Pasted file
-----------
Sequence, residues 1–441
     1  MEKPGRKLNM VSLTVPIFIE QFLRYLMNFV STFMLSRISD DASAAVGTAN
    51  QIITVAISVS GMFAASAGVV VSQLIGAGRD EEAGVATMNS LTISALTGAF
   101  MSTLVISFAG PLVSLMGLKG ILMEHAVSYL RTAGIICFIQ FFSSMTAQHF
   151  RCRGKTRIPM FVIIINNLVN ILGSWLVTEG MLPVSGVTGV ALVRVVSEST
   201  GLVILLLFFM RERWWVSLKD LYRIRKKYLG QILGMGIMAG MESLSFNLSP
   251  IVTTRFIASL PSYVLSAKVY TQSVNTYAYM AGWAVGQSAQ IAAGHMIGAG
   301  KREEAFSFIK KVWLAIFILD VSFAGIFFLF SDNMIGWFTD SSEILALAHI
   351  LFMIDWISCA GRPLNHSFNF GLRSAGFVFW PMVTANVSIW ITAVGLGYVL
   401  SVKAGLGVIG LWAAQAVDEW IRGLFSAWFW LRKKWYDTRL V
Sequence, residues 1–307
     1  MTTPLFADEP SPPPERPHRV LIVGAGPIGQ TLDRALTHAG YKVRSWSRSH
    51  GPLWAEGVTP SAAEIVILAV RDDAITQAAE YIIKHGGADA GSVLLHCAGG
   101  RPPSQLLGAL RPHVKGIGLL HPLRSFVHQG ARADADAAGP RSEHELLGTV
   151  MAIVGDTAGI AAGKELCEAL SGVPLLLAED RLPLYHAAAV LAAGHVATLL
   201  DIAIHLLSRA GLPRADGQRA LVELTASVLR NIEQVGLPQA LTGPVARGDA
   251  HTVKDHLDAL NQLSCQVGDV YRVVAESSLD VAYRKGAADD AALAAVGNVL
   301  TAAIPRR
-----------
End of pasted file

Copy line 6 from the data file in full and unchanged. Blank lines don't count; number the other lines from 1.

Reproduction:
   201  GLVILLLFFM RERWWVSLKD LYRIRKKYLG QILGMGIMAG MESLSFNLSP